Gareth Wigan, the London-born executive who played an integral production role in such classics as Star Wars, Chariots Of Fire and Alien has died.
Wigan, the London-born executive who played an integral production role in such classics as Star Wars, Chariots Of Fire and Alien and in later life championed local language productions for Sony, has died following a brief illness. He was 78.
Wigan died at his Los Angeles on Saturday and is survived by his wife, Pat Newcomb, his four children and seven grandchildren.
He began his career as an agent in the UK office of MCA in the late 1950’s, before going on to form his own talent agency in the mid 60’s.
In 1970 he took up a post as studio executive at 20th Centry Fox, where he worked on Star Wars, Alien and The Turning Point. He went on to form The Ladd Company with fellow Fox Executives Alan Ladd Jr. and Jay Kanter, where he helped to develop and produced Chariots of Fire and The Right Stuff.
In 1987 Wigan joined Sony’s Columbia Pictures as production consultant before going on to become co-vice chairman of the Columbia TriStar Motion Picture Group where he was instrumental in films such as Air Force One, Bram Stoker’s Dracula, and Sense And Sensibility.
During the last decade of his life Wigan became a pioneer for global cinema, championing film-makers such as Ang Lee, Stephen Chow and Matthew Vaughn.
Trubtes have been pouring in from Hollywood from some of the biggest names in the industry today, with George Lucas calling him a “real supporter of creative talent”, adding that “he was one of the most kind and thoughtful executives I’ve ever worked with.”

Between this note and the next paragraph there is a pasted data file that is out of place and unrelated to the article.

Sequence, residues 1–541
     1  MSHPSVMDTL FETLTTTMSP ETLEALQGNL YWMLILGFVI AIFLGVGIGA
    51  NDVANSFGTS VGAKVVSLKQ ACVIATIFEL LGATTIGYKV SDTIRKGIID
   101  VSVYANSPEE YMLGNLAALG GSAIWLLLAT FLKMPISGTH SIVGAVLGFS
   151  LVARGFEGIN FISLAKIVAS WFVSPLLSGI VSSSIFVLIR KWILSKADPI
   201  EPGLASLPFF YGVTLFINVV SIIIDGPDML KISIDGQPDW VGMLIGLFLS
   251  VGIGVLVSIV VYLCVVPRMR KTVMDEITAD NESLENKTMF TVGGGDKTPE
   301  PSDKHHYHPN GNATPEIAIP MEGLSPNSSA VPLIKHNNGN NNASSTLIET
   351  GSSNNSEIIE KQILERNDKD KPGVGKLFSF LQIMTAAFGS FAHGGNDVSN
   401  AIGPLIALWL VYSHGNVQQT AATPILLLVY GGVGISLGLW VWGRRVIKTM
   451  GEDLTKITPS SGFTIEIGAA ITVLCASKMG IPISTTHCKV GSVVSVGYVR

Ang Lee, who worked with Wigan on Crouching Tiger Hidden Dragon, said, “To my mind, Gareth Wigan was a unique figure in the movie business.He was a true English gentleman, a great soul. He made quality films, and he was also a pioneer of studio investment in foreign films.”
Martin Scorsese added, “I have fond memories of our work together on The Age of Innocence. I’ve often wished we could have worked on another production as I’ve always had great admiration for Gareth’s intelligence, diplomacy and taste.”
Amy Pascal, co-chairman of Sony Pictures Entertainment who worked with Wigan for close to 25 years, said, “Gareth was an inspirational and passionate leader. His love of movies and filmmakers was as rare and unique as the brilliant films he championed over the last four decades. We will miss him terribly.”
“I had the wonderful experience of working with Gareth as he developed and ramped up Sony’s international production mandate, ” Sal Ladestro, Sony Pictures Releasing International’s executive vice-president of marketing, acquisitions and local productions, said. “Some of the happiest times of my career were working alongside him. He was a wonderful person and true mentor.”
A memorial service is being planned.